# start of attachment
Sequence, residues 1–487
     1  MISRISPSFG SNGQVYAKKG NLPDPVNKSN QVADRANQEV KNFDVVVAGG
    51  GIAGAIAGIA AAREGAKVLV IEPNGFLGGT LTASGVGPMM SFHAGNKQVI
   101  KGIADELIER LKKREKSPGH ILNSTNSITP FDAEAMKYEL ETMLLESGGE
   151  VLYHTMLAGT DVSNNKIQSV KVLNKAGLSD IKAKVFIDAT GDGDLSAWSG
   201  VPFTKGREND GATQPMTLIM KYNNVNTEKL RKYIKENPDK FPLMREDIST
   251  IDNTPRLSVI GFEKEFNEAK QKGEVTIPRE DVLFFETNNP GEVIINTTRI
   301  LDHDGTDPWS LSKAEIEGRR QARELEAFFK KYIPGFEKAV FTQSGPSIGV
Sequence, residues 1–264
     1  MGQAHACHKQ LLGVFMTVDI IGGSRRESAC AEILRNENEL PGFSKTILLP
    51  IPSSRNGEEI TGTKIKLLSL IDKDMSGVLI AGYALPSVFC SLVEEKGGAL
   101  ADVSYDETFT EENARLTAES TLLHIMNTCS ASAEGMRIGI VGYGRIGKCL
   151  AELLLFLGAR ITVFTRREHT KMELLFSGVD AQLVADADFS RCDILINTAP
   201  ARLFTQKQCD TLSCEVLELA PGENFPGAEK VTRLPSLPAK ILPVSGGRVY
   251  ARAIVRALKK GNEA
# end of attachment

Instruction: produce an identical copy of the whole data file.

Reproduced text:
Sequence, residues 1–487
     1  MISRISPSFG SNGQVYAKKG NLPDPVNKSN QVADRANQEV KNFDVVVAGG
    51  GIAGAIAGIA AAREGAKVLV IEPNGFLGGT LTASGVGPMM SFHAGNKQVI
   101  KGIADELIER LKKREKSPGH ILNSTNSITP FDAEAMKYEL ETMLLESGGE
   151  VLYHTMLAGT DVSNNKIQSV KVLNKAGLSD IKAKVFIDAT GDGDLSAWSG
   201  VPFTKGREND GATQPMTLIM KYNNVNTEKL RKYIKENPDK FPLMREDIST
   251  IDNTPRLSVI GFEKEFNEAK QKGEVTIPRE DVLFFETNNP GEVIINTTRI
   301  LDHDGTDPWS LSKAEIEGRR QARELEAFFK KYIPGFEKAV FTQSGPSIGV
Sequence, residues 1–264
     1  MGQAHACHKQ LLGVFMTVDI IGGSRRESAC AEILRNENEL PGFSKTILLP
    51  IPSSRNGEEI TGTKIKLLSL IDKDMSGVLI AGYALPSVFC SLVEEKGGAL
   101  ADVSYDETFT EENARLTAES TLLHIMNTCS ASAEGMRIGI VGYGRIGKCL
   151  AELLLFLGAR ITVFTRREHT KMELLFSGVD AQLVADADFS RCDILINTAP
   201  ARLFTQKQCD TLSCEVLELA PGENFPGAEK VTRLPSLPAK ILPVSGGRVY
   251  ARAIVRALKK GNEA